Syrian President Bashar al-Assad said on Wednesday it would cost about $1 billion to get rid of Syria's chemical weapons under a U.S.-Russian deal reached last week.

In an interview on the Fox News television channel, Assad said his government would dispose of its chemical weapons arsenal and it would take about a year, Assad said.

"I think it is a very complicated operation technically and it needs a lot, a lot of money. Some estimated about a billion for the Syrian stockpile," he said.

Asked whether he would be willing to hand over chemical weapons to the U.S. government, Assad said:

"As I said, it needs a lot of money. It needs about one billion. It is very detrimental to the environment. If the American administration is ready to pay this money and take the responsibility of bringing toxic materials to the United States, why don't they do it?"

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Syrian President Bashar al-Assad denied that his forces were responsible for a chemical weapons attack in Ghouta, outside Damascus, on Aug. 21 that brought the United States close to attacking Syria in response. (Reuters)

Assad denied that his forces were responsible for a chemical weapons attack in Ghouta, outside Damascus, on Aug. 21 that brought the United States close to attacking Syria in response.

He said the Syrian army was advancing in the area at the time and had no need to fire rockets filled with the nerve agent sarin, as the United States says it did.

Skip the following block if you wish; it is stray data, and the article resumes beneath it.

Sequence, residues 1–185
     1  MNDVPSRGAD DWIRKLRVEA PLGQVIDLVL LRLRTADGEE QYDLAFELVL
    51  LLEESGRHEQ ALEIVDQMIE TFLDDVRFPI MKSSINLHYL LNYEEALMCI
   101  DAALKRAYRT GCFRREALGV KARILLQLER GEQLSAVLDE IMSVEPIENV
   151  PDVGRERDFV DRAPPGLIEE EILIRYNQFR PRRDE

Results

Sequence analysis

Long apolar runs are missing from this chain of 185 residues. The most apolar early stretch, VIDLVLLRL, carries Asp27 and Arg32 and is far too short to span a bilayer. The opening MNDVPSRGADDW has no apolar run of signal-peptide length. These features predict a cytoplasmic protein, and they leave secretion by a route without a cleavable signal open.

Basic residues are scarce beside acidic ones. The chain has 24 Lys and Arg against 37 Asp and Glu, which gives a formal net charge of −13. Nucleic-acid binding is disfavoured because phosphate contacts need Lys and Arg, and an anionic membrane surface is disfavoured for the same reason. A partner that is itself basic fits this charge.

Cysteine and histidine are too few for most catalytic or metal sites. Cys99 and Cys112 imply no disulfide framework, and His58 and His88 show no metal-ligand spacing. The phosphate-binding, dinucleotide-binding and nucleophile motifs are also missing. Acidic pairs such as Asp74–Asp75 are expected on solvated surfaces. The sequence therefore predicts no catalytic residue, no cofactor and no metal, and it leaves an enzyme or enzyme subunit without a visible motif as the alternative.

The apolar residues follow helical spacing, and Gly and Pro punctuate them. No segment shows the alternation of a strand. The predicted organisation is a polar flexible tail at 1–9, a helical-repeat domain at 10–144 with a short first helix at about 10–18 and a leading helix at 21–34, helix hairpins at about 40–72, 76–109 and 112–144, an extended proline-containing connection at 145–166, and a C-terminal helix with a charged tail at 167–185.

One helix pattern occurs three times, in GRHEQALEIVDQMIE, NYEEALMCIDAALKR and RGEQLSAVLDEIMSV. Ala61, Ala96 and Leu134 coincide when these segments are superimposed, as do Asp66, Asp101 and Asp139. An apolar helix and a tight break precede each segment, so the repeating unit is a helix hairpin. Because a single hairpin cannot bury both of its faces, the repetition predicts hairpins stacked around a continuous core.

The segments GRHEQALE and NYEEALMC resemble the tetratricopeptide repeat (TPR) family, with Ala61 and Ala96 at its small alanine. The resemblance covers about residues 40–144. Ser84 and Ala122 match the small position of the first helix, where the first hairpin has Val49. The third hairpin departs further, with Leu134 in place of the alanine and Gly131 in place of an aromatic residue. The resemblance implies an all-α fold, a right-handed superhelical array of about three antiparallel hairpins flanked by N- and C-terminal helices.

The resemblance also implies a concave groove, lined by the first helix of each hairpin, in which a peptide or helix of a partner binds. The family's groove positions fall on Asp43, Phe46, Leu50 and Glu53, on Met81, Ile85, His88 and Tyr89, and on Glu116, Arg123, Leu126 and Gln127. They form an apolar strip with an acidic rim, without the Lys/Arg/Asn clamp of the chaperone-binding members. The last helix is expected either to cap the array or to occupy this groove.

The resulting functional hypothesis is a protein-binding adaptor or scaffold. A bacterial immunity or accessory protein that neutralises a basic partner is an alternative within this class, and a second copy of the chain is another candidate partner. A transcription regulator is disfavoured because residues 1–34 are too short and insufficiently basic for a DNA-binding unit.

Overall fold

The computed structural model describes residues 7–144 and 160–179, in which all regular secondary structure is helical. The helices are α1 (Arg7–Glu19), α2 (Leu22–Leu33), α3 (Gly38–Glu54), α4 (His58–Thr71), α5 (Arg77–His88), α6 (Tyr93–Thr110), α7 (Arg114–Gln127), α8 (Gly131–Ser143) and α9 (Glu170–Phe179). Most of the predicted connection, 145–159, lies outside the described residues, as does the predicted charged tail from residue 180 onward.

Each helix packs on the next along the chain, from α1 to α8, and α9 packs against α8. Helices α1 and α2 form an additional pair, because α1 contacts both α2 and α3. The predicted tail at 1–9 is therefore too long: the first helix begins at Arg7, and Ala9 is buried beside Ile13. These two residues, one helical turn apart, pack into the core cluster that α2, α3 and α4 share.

"The whole story doesn't even hold together. It's not realistic. So, no, we didn't. In one word, we didn't use any chemical weapons in Ghouta," he said, speaking English.

UN chemical investigators confirmed on Monday the use of sarin in the attack in a long-awaited report that the United States, Britain and France said proved government forces were responsible

Assad said it was too early to make a definitive comment on the UN report.

"We have to look at it. We have to discuss it before saying if we agree or disagree. It was only yesterday evening," he said.

Asked whether he had a message for U.S. President Barack Obama, Assad said: "Listen to your people. Follow the common sense of your people. That's enough," in an apparent reference to opinion polls that show Americans oppose any U.S. strike on Syria.

Former U.S. Representative Dennis Kucinich, a liberal Democrat and eight-term congressman from Ohio who is now a commentator for Fox News, took part in the interview on Tuesday in Damascus along with Fox senior correspondent Greg Palkot.

Kucinich has visited Assad twice before, most recently in June 2011, after the uprising against the Syrian president began. Syrian media quoted Kucinich as saying on that trip that Assad was "highly loved" by Syrians. The congressman said he had been misquoted. 

The United Nations, meanwhile, defended on Wednesday a report by its chemical weapons experts that Russia has criticized as "one-sided," saying its conclusion that rockets loaded with sarin gas were used in an Aug. 21 attack should not be questioned.

"The findings in that report are indisputable," UN spokesman Martin Nesirky told reporters. "They speak for themselves, and this was a thoroughly objective report on that specific incident."

Earlier, Russia denounced the UN findings as preconceived and tainted by politics, stepping up its criticism of a report Western nations said proved President Bashar al-Assad's forces were responsible.

Russia, which holds veto power in the UN Security Council, could cite doubts about proof of culpability in opposing future efforts by the United States, Britain and France to punish Syria for any violations of a deal to abandon chemical weapons.